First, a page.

Steroids for Rheumatoid Arthritis: Misconceptions & the reality

Steroids……

More bad than good comes to one’s mind when steroids are mentioned, isn’t it? Steroids (Glucocorticoids) have been equated with all that allopathy has to offer for its arthritis patients. It is thought that each & every patient consulting a Rheumatologist would be on long-term steroids irrespective of his diagnosis & would invariably end up with side effects.

Glucocorticoids (popularly known as steroids) were discovered by Scientist Hench. It was a path-breaking discovery & Hench was awarded the Nobel Prize for this in 1950.
Steroids when introduced were used for Rheumatoid Arthritis (RA). As expected they had miraculous results. It was thought that a cure for Rheumatoid Arthritis was in the making. Variable doses were given for variable duration as everyone was on a learning curve. Soon, the side effects were realised. Search began for better medications. This resulted in the development of DMARDs & later biologics that have revolutionized the treatment & outcome of Rheumatoid Arthritis. Not just new drugs, but treatment strategies such as ‘treat to target’ were developed to ensure remission in RA.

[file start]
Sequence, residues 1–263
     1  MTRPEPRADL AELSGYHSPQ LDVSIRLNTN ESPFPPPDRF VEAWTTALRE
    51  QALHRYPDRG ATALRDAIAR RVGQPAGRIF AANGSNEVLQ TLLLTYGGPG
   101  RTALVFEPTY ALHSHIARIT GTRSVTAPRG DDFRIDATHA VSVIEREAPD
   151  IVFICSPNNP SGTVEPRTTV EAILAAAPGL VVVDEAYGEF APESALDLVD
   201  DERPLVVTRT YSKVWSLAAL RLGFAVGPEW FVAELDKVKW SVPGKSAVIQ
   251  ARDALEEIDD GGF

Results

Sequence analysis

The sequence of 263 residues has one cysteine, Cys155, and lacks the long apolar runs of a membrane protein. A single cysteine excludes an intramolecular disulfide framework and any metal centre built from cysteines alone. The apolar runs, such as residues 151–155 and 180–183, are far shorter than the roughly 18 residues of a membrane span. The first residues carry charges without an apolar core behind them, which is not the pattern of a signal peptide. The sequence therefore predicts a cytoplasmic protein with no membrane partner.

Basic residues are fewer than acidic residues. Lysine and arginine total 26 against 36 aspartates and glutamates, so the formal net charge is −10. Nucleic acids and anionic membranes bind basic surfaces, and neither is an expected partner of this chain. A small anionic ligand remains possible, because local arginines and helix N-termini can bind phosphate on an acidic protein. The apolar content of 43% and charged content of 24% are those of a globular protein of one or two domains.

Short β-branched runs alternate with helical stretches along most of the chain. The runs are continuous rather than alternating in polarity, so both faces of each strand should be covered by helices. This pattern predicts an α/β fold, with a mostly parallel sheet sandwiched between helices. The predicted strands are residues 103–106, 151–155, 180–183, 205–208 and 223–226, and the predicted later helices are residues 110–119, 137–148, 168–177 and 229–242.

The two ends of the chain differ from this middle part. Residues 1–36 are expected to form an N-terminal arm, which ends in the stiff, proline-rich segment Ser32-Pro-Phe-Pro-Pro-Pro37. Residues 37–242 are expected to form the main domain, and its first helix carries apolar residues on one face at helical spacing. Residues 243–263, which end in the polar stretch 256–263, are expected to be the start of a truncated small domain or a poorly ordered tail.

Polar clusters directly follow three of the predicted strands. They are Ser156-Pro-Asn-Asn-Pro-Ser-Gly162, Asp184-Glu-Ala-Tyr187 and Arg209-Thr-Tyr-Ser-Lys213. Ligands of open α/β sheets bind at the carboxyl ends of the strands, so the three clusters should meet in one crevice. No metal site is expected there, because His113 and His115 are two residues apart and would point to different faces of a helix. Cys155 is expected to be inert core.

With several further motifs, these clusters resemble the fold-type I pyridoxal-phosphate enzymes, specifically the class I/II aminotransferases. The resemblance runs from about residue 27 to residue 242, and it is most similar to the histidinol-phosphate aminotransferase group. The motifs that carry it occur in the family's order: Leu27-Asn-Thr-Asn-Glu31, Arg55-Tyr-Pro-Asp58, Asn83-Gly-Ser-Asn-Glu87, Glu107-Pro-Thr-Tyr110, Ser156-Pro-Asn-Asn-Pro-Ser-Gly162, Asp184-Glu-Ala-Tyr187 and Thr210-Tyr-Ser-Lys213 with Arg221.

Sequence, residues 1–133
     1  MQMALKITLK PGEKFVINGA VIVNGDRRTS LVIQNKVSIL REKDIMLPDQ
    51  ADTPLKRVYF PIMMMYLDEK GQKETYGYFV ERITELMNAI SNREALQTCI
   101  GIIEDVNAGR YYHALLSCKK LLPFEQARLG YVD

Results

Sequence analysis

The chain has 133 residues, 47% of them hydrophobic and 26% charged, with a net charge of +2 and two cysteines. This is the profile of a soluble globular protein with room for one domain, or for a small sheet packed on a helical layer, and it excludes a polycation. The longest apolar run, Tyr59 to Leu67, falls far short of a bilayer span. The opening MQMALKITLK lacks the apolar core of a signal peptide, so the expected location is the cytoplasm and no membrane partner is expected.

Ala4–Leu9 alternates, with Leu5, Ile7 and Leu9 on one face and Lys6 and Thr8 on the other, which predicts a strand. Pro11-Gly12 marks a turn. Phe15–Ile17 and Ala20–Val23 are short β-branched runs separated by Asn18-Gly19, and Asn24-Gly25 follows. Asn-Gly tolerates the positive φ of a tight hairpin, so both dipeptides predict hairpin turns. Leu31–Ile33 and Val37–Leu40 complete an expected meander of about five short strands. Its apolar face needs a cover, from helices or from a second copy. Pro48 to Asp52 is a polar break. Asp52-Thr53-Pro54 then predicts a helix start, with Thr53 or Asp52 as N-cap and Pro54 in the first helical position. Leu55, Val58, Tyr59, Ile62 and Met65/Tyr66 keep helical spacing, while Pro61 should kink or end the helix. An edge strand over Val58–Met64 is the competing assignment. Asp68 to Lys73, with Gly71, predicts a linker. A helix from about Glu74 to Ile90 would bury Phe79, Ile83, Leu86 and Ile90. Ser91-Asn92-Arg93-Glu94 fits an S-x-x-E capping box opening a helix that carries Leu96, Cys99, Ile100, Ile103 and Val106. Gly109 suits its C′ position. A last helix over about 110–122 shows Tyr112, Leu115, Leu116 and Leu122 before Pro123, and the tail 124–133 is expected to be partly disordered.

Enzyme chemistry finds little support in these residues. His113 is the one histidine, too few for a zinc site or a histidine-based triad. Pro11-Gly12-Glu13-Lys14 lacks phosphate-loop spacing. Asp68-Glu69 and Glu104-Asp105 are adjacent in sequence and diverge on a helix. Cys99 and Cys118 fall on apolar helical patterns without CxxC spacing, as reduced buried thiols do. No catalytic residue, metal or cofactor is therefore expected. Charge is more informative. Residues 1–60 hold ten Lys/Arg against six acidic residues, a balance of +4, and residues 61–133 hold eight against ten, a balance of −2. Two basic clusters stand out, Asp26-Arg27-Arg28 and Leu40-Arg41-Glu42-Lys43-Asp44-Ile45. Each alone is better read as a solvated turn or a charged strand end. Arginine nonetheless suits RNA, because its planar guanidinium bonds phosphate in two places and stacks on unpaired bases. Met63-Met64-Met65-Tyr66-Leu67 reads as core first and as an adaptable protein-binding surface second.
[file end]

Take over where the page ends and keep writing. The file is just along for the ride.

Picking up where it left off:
So then, if not for steroids, how is RA treated now?
RA is now treated with a target of remission (absolute control of arthritis) right from day 1. Patients are started on DMARDs; generally a combination with Methotrexate as the anchor drug. The DMARD doses are stepped up with the aim of achieving remission asap. If the patient fails to show a good response by six months, biologics come into the picture.
What about steroids in that case? What is its role? Steroids are given to begin with as a bridge till the time DMARDs have their effect. This would mean a small dose of steroid for 4-6 weeks.

However, there a few situations in which steroids have to be given in the long run. These include
1) Rheumatoid Arthritis related Interstitial Lung Disease
2) Rheumatoid vasculitis – this can present as vasculitic ulcers
3) Rheumatoid Arthritis related mononeuritis multiplex (damage to multiple peripheral nerves)
4) Rheumatoid Arthritis related scleromalacia (an eye complication)
5) An occasional patient who has persistent active arthritis despite DMARDs & cannot afford biologics.
All in all, steroids have a well-defined role & use as far as Rheumatoid Arthritis is concerned & one does not have to be on long-term steroids unless for some specific indications.

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